Equity markets: a solid start to the year for value stocks

The first weeks of 2022 saw a rise in cyclical sectors and a fall in growth stocks. Several factors drove this move, starting with the rise in interest rates, linked to the prospect of monetary tightening by the Fed.

This is one of the highlights at the start of the year: in the United States, inflation is now at 7% over 12 months. By disrupting supply chains and creating unprecedented stimulus from governments and central banks, the Covid-19 pandemic has become the source of a powerful rise in global inflation.

Rising rates unfavourable for growth stocks

For the Fed, it is time to act. After supporting the recovery with its low interest rates and its asset purchase policy, the US central bank is about to make a strategic shift. Its asset purchases will end in March 2022, when a first key rate hike should also be implemented. Several key rate hikes are expected in 2022.

This outlook has significant consequences for bond markets. Since the beginning of the year, US rates have been rising, in line with a scenario of higher inflation and tighter monetary policy. As a result, the US 10-year borrowing rate has returned to its highest level for two years, close to 2%. The US 10-year real rate remains negative and below its pre-crisis level, but has also risen in recent weeks. However, there is a strong correlation between this real rate and the relative performance of cyclical stocks to growth stocks.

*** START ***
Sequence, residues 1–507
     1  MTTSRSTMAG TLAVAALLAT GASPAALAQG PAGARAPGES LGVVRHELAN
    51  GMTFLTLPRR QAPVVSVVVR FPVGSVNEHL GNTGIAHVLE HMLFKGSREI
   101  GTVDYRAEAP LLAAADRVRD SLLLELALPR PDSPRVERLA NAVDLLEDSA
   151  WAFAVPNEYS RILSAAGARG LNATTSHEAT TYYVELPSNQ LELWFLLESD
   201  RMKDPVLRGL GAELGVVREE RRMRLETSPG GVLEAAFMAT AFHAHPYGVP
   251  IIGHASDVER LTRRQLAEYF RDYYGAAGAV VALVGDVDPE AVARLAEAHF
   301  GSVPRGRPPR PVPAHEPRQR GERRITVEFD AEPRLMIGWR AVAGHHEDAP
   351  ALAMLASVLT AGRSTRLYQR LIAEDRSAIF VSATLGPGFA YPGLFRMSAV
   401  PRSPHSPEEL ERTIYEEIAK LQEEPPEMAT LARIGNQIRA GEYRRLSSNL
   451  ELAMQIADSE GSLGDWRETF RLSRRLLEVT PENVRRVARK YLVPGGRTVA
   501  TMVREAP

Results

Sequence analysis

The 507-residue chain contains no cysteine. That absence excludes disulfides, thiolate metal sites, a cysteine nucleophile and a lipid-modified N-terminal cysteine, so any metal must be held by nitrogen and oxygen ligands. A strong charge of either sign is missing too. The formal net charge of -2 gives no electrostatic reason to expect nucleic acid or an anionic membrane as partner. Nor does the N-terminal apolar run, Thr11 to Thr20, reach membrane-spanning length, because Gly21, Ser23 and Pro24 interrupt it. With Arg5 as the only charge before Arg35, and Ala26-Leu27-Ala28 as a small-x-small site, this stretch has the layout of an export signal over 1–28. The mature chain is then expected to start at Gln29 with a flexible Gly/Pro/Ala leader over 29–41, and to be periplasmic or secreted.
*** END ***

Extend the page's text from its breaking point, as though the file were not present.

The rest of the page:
For all intents and purposes, remember that cyclical stocks are those whose activity depends on the economic situation: banks, insurance companies, real estate companies, industry, automotive and energy. We are also talking about value sectors, in reference to their moderate valuation multiples. Conversely, “growth” stocks refer to high-growth sectors, including technology and luxury goods.

The impact of rates on these two major categories of companies is, of course, not a coincidence. The phenomenon is based on two clearly identifiable pillars.

In traditional valuation models, companies’ future revenues are mathematically updated by taking long-term rates into account. Thus, the lower interest rates are, the higher future income is valued. We therefore understand that growth stocks, benefiting from high visibility of their future earnings, are benefiting in periods of low interest rates, as this was the case in 2020 and 2021. Conversely, if rates rise, models lead to lower valuations for these companies.

From a more operational point of view, the banking and insurance sector, based on credit margins and investment, is structurally more profi-table in a context of high rates. This effect can only be observed over the long term: – rate hikes observed since the beginning of the  year do not allow the sector’s outlook to be revised right now. Nevertheless, the rise in rates is contributing to its revaluation by easing the prospect of persistently low interest rates.

Multiple drivers for cyclicals

Simultaneously with the rise in interest rates, which is particularly beneficial to financial stocks, other factors are supporting the “cyclical” universe.